Minority students believe that Benedictine College should do a better job at making them feel more included in the school’s culture. Benedictine’s student population is predominantly white and Catholic, often leading minorities to feel out of place.
The Black Student Union (BSU), the Hispanic Latino Club (HLC) and other minorities spoke about these hardships. The common term that these groups use to describe Benedictine is “white, Catholic and conservative”.
Leila Almanza, Benedictine College sophomore and secretary for the Hispanic Latino Club, had strong views about this issue from her experience at Benedictine thus far.
“As much as BC advocates for open-mindedness and their beloved community factor to draw prospective students in, they really filter everything on their campus, and respectfully so, through the lens of Catholicism,” Almanza said. “The Catholic culture they uphold here at Benedictine is one that is geared towards the white Catholic’s comfort rather than BIPOC (Black, Indigenous and People Of Color) Catholic’s acceptance.”
Almanza is not the only member of HLC with strong views based on the issue. HLC President Jessica Luna and Vice President Jazmine Diaz also shared their perspectives.
“I think the culture at BC is very conservative and they make it known. They are not very open to people who think differently,” Diaz said. “Even though all they ever do is preach about community. If that were true then there wouldn’t be so much division in the school.”
Luna explains that Benedictine will accept anyone, but once they arrive on campus, the events are focused on Americans and Catholics.
“If you do fit in as a minority it’s because you’ve molded yourself to fit into the culture of Benedictine and not your own. I think as a private institution, this school showcases what their audience wants to see and they worry a lot about their “image” but in all honesty, the voices of minorities are being silenced because it doesn’t fit their perfect picture,” Luna said.
Jordan Malcolm, Black Student Union President, had a troubling start when he first arrived at BC but that motivated him to speak up and be a part of the change.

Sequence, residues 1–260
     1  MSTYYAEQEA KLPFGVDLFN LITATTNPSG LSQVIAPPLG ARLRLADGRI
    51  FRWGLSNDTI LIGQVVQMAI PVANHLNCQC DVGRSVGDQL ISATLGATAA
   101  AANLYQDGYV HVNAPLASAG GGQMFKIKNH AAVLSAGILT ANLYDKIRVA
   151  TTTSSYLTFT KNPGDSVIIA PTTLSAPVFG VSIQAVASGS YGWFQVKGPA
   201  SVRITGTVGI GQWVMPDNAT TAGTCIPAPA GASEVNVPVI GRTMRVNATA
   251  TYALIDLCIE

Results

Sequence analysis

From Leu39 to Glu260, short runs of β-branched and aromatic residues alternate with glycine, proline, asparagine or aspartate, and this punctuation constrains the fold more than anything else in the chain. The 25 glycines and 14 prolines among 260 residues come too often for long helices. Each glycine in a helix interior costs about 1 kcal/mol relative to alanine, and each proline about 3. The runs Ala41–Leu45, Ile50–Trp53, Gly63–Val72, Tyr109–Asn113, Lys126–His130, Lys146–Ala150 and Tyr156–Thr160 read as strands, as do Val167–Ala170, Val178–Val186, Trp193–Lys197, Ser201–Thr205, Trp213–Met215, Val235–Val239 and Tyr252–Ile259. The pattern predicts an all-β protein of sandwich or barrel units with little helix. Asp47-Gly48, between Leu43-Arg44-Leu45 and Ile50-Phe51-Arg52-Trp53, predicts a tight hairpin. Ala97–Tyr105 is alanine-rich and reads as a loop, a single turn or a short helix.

“Students have said Black athletes (football players mostly) are intimidating to look at because of what we wear and how we talk. It also shows within how we’re treated. Like I said, if you aren’t Catholic, they don’t really value your opinion,” Malcolm stated. “As a Black student coming in, those comments immediately made me want to leave and go back home. Felt like I had no real purpose being at the school unless I played a sport. The school motto is “Treat everyone as if they are Jesus Christ himself” but many of our Catholic students don’t live by that standard. And it shows on campus.”
Malcolm remained steadfast through his poor experiences thanks to a conversation he had with his father.
“He told me to just keep my head low, focus on my degree and play football. But I knew I couldn’t just stand by and keep quiet when many of the minority students continuously have to deal with prejudice and racist comments,” Malcolm said. “When I first became BSU president, some administration and students didn’t even know we were a club. I felt it was necessary to really use my voice when students and even a professor over the summer have said that racism doesn’t exist on campus.”
Benedictine President Steven Minnis acknowledges the lack of diversity on campus, but also believes that we must build a culture from love.
“This is a really important issue for us and we want to be the best that we can be at everything we can do. But reality is reality. We are a small Catholic institution in a rural area,” Minnis said. “It’s not surprising that the majority of our students are white, but this is a great opportunity for the college to recognize the importance of diversity on our campus and to move forward with this.”
Minnis explains that Benedictine is not perfect and that there is plenty of room to grow to become a more inclusive institution.
“Are there persons on our campus that are racists or insensitive? Yes, because we are made up of sinful people. All of us are, and if you have an organization of sinful people then sins happen,” Minnis said. “But, we as an organization have to continue to preach what we believe which is a culture of love and community, faith and scholarship.”
Minnis continued saying that these sins come from a lack of understanding of the Gospel image of love and the necessity to embrace the Benedictine value of treating all persons as Christ.
BSU and HLC will help students learn more about their cultures while helping them understand using this image of love. Contact Jessica Luna for more information on joining HLC and follow BSU on Twitter here for updates for club meetings.